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With confusing DirecTV changes and tech issues, Tom Hanks channelled his inner grump for ‘A Man Called Otto.’

In “A Man Called Otto,” Tom Hanks plays the role twice as crotchety.

To be honest, it’s strange to see the universally acclaimed Nicest Guy In Hollywood, who won an Oscar as the guileless Forrest Gump, transform into Otto the Grump.

To the sceptics, Hanks, 66, explains that he spent years preparing for the role by dealing with Otto-like life annoyances. As in satellite television.

“Do you remember how DirecTV has a grid that shows you where all the channels are?” Hanks inquires as he settles into a conversation in a Beverly Wilshire hotel suite. “They simply change it for some reason. As a result, what was once channel 151 is now somewhere in the 500s. And you’ll have to look for it. Or the new grid is more complicated than a legal disclaimer in a drug prescription advertisement.”

He’s just starting out, but you get the idea. For the comedy drama “Otto,” Hanks can walk the tetchy walk (in theatres nationwide Friday).

Otto Anderson, widowed and hardened by his wife’s death, lives an increasingly isolated existence. Along with the perpetual scowl, Hanks created a knuckles-first “pissed-off angry stomp” for Otto’s waterproof shoe-driven gait, which goes into overdrive when his neighbor’s dog urinates on his Pittsburgh patch of lawn or visitors violate parking-permit regulations.

Rita Wilson, Hanks’ fellow “Otto” producer (and wife of 35 years), has endorsed the role. When the couple saw the Oscar-nominated 2015 Swedish film “A Man Called Ove,” based on bestselling author Fredrik Backman’s novel, Wilson immediately thought of her husband for an American remake of the darkly comic drama.

“My husband is the nicest guy in Hollywood, according to popular belief. That is correct, “Wilson explains. “But that doesn’t mean he can’t experience rage, loneliness, and dislike.”

Those emotions do not arise in a vacuum. Wilson has also witnessed Hanks’s family-legendary, tech-induced grumpiness.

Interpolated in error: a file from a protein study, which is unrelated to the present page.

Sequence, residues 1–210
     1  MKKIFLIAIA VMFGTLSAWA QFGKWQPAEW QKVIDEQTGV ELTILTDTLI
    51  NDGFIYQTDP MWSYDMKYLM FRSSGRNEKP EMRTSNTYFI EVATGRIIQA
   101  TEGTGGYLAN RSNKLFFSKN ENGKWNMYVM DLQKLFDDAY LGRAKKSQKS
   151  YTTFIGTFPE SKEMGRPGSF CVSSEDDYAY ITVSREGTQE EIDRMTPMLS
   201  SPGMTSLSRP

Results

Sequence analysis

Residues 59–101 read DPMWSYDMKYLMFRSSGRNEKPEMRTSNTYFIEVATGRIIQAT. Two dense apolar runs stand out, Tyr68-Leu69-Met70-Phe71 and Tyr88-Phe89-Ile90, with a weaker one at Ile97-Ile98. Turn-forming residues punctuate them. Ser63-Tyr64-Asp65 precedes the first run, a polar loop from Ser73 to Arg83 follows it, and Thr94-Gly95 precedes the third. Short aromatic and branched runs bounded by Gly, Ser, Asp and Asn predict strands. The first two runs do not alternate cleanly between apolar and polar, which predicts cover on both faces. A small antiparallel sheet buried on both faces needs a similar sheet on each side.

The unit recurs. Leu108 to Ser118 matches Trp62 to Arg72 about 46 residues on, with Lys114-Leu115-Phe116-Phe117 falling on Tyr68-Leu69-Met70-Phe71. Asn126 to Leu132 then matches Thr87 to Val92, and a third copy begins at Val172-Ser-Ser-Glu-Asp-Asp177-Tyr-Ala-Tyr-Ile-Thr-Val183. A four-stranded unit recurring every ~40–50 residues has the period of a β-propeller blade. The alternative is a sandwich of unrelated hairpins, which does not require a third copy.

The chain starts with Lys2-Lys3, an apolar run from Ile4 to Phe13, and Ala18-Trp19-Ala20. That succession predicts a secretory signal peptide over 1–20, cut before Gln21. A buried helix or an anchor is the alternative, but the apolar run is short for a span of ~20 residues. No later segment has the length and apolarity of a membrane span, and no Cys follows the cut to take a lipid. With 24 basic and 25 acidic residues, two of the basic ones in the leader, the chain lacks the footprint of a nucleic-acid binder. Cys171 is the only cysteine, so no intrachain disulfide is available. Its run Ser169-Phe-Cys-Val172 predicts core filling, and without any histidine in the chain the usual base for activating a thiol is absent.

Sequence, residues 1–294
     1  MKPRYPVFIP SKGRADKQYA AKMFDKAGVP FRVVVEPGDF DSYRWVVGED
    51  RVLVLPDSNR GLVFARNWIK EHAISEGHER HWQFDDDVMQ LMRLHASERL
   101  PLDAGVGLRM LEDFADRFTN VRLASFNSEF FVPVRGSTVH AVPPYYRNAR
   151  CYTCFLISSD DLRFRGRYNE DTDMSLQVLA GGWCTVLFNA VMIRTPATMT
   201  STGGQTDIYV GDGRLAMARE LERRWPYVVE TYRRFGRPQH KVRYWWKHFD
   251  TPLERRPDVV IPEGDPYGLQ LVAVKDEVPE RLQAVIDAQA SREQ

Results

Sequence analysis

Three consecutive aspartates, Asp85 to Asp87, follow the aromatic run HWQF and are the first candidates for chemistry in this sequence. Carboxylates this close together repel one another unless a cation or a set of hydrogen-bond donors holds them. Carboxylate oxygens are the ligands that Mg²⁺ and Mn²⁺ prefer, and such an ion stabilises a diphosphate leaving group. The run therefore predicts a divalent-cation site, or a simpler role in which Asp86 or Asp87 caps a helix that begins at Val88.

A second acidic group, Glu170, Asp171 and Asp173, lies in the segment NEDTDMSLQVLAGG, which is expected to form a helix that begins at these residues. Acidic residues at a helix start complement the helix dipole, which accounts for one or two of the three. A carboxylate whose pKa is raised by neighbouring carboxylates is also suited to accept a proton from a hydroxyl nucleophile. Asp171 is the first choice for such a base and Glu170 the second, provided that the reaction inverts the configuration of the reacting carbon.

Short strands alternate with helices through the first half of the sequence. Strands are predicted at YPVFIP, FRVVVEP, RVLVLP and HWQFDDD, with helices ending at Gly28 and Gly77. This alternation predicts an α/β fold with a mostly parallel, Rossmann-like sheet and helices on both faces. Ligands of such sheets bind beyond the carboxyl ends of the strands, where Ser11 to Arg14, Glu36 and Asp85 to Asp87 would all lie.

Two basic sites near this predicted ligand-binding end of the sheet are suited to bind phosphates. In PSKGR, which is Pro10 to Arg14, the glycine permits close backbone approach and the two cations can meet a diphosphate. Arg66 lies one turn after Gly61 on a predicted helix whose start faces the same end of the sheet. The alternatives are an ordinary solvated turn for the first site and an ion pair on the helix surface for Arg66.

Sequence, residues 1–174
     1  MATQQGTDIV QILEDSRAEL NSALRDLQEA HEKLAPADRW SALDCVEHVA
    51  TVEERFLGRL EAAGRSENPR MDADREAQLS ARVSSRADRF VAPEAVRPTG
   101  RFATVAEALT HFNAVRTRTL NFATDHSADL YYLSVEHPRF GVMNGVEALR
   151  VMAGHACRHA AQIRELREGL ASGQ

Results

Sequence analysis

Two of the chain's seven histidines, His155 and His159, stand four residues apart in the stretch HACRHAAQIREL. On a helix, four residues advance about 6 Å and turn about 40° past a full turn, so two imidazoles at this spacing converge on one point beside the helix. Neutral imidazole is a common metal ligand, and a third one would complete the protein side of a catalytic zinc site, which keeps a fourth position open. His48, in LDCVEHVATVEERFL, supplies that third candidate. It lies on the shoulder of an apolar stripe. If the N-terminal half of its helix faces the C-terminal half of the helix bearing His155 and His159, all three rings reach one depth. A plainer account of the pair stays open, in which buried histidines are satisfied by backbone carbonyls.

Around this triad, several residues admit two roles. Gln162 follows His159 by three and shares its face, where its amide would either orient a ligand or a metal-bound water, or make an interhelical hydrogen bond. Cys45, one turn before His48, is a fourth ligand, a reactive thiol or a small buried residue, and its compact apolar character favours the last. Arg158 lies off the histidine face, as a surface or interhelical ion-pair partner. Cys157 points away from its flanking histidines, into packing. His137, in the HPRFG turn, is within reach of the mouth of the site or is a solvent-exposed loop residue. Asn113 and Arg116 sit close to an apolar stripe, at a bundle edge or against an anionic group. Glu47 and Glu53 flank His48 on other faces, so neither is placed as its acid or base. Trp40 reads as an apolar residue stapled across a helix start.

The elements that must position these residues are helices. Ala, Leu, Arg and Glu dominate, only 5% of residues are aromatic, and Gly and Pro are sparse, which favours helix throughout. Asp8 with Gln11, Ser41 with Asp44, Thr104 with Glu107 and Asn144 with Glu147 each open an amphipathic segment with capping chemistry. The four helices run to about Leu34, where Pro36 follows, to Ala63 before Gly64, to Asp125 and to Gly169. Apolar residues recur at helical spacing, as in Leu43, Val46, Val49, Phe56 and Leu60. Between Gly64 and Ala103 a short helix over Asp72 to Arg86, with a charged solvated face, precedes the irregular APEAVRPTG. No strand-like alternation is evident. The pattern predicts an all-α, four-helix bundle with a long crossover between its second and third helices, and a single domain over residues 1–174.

“My God, where Tom and technology are involved, forget it. Just walk out of the room when he’s trying to get the TV to work “Wilson explains. “Everyone is aware of it.”

Hanks reveals that his four children – Colin, 45; Elizabeth, 40; Chet, 32; and Truman, 27 – earned him the unfortunate moniker “Angry Buddy Holly” due to his failed attempts at discipline.

“That’s because my standard disciplinary questioning always began with, ‘Right, let me get this straight,'” Hanks explains. “Whatever followed that was always a stupid father complaint.”

Hanks’ inner irascibility, like his Otto persona, was never taken seriously.

“‘Knock it off, or I’ll clobber you,’ I once told my kids. And I was dead serious. That’s how enraged I was “says Tom Hanks. “Since then, I’ve received cards and posters with messages such as, ‘Dear Dad, I am going to clobber you.'”

But, when it comes to his family, “any scowl is all bark and no bite,” Hanks says.

“Otto” hits theatres, and the Hanks family is being scrutinised amid a surge of “nepo baby” attention among famous Hollywood families. Both Wilson and Hanks insist that casting son Truman as Otto’s younger self in his first film role was director Marc Forster’s idea. However, Hanks makes no apologies.

“It’s a family enterprise. If we owned a bodega or a plumbing supply company, all of the kids would work shifts, especially during inventory “says Tom Hanks. “Then there’s the dead ringer factor. Take photos of us at 26 and we’re the same person. Except he’s taller and more attractive than his father was at that age.”

Truman’s portrayal of a younger, in-love Otto contrasts with the older, ill-tempered version. However, there were constraints on how edgy the behaviour could be during sensitive times. Hanks and screenwriter Dave Magee meticulously crafted one Otto exchange with a nearby dog owner to ensure the comedic absurdity was clear.

“There were talks,” Hanks says of the efforts to avoid offence. “‘I’m going to punt that dog over the roof,’ we said. ‘I’m going to drop-kick that dog over the roof,’ he said, and it ended with, ‘I swear to God, I will drop-kick that dog of yours over the roof.'”

Disdain for dog faeces was not an Otto-ism to which Hanks could relate in real life.

“People are generally conscientious about using the doggy bag things,” Hanks says optimistically. “But look, I think we’re all just two degrees away from going full Otto all the time.”

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